to conclude, here is my personal experience: i held a job that i enjoyed – i got to be outside and work my community, and sometimes i felt like i was making a positive impact. but i did not enjoy the politics, the early mornings and long nights, the strict schedule of having to be in the office 40+ hours per week, and the minimal vacation (free) time. i also recognized that my job had many indirect effects on my life – after devoting so much time every week to my job, i was left too mentally/ physically exhausted to do the things i wanted to do (exercise, spend time with loved ones, adventure) or to to work towards the life i wanted to live (practice homesteading and self-provisioning, self-education). i also internalized the stress of my job and it negatively affected my health through poor eating choices, not getting enough sleep, and the constant headaches.

my progression from the acceptance that i would have to work until i was in my 60s to the goal of early retirement took place through this series of simple realizations:

  1. having a job provides me with the money i need to survive, but at the expense of my time, energy, and health.
  2. if i need less money to live on and thus retire one, then i don’t have to have a job for as many years.
  3. if i don’t have to have a job until i’m in my 60s, i will salvage great amounts of my time, energy, and health.
  4. the reason we as americans have to have a job so many years is because our lives demand a lot of money that is used to buy ‘things’.
  5. the less things i have to buy, the less money i need, and the earlier i can stop working.
  6. i can either have the ‘things’ i buy with money and work for many years longer – or – i can have less ‘things’ but have my time, energy, and health, which i see as my freedom.

in my case, early retirement was a goal because i wanted my time, energy, and health back. i decided, six years ago, that i would rather live a life that involved less spending and less consuming so that i could have less obligation to paid employment. i’m currently experimenting with what my life looks like without a traditional job, and i have found that i have many more opportunities to travel and be with those i love; to pursue projects that feel authentically good and fulfilling; and to take care of myself by exercising regularly and eating much better.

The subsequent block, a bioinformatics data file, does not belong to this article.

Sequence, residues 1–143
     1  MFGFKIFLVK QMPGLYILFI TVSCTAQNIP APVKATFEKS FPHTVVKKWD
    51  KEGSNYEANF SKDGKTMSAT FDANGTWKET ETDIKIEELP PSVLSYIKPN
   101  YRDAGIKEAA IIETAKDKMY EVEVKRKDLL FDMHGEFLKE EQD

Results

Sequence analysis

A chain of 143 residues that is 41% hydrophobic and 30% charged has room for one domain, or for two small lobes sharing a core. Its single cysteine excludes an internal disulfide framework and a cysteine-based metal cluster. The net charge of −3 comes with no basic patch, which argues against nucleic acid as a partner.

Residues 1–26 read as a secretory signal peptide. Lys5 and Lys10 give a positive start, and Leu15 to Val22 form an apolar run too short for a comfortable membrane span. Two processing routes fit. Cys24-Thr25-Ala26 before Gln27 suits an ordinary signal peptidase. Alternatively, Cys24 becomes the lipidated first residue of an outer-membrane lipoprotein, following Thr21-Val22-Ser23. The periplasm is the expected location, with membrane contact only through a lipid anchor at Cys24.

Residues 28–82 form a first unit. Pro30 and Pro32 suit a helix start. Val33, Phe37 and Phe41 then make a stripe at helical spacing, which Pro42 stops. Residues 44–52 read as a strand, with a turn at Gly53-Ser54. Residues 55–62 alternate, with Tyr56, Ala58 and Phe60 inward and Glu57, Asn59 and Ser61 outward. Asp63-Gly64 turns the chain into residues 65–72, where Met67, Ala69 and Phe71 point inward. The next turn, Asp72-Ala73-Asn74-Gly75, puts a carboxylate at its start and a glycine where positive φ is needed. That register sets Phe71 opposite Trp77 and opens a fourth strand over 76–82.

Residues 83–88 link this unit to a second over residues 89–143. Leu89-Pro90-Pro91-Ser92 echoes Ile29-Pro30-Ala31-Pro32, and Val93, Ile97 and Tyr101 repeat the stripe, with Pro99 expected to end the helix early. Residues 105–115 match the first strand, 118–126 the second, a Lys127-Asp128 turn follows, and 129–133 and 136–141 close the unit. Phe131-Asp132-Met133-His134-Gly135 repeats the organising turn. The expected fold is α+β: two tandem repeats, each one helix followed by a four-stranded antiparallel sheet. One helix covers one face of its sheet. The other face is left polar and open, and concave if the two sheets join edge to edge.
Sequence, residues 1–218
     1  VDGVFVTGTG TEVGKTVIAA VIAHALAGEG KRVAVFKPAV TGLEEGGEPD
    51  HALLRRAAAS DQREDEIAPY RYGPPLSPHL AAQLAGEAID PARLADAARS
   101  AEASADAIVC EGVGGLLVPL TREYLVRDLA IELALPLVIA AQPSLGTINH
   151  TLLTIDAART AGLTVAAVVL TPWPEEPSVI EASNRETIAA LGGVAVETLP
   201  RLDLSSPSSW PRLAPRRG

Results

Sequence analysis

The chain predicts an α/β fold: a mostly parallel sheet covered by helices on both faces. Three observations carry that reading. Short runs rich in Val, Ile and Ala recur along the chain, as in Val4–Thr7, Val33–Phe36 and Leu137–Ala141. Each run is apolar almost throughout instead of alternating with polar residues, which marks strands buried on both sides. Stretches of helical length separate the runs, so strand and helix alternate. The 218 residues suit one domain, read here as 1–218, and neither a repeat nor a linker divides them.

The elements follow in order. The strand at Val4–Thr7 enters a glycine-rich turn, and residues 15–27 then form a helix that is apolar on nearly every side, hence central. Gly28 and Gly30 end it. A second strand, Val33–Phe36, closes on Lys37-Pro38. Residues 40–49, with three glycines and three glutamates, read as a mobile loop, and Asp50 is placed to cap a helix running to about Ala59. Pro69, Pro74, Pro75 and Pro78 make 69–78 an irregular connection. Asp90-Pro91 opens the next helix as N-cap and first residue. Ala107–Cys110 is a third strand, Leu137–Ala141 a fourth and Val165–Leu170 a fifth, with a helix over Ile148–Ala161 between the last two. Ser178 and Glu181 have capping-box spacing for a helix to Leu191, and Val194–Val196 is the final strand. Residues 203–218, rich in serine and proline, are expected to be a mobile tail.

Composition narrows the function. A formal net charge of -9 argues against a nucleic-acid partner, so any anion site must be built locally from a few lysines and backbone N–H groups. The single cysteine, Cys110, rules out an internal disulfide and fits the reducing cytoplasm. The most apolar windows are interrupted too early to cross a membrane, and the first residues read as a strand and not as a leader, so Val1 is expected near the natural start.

six years ago my goal was to retire by age 40. six months ago i was saving at a rate that would have allowed me to retire by age 35. but after a couple years of full time employment, i realized that my goal wasn’t necessarily to retire early – it was actually to reach financial independence in a way that felt good to me. making myself suffer through my job, even if just for another 7 years, didn’t feel good to me. i felt (feel) that there are other options out there to achieving my financial goals that don’t involve forcing myself to do something i don’t want to be doing through the rest of my 20s and 30s. thus, i have revised my goal to the following:

living a more fulfilling life by reaching financial independence and practicing self-sufficiency.

i will delve further into what this means to be in upcoming posts. i am trying to commit to one post about personal finance every week, but i’ve been so busy with my business! these posts take a long time to write and involve me re-reading a lot my past writing to synthesize ideas, but i feel proud about the information i’m presenting. pleaaase let me know in the comments if anything does or doesn’t make sense to you, what sort of information would be useful to you, etc etc. thanks so much for reading!



9 thoughts on “financial independence

  1. I was once told, everyone wants to go to heaven, know body wants to die. I have been frugal all my life with the hope of early comfortable retirement. but at 50 I’m still losing the battle. And I did everything right. So get Lucky, others don’t

    1. I’m sorry to hear that Kelly. We all have unique life situations that affect our financial situation. I try to always keep in mind that I’ve lived a privledged life. Not everyone is as fortunate. Best of luck to you.

  2. Hi Christine, I came across your blog from a comment you made on a very old blog post from Our Next Life. Thank you for the clear definition of financial independence. I feel like I knew what it was but hadn’t heard it put so simply and eloquently.
    I’m not sure I can answer your question about what I’d like to hear about more at this point. I’ve got to browse your site a bit more, and check out your etsy shop! –Jaye

    1. Thank you for the kind words. I’m glad it was helpful!! I love Our Next Life, they are one of my favorites and really helped me shift my financial goals from saving as much as possible/ depravation to building a life where my finances aligned with my beliefs. Yay! Glad you’re reading 🙂

  3. Great summary and explanation of financial independence and what it means fo you. Thanks!

    1. Thank you, I’m glad it was helpful!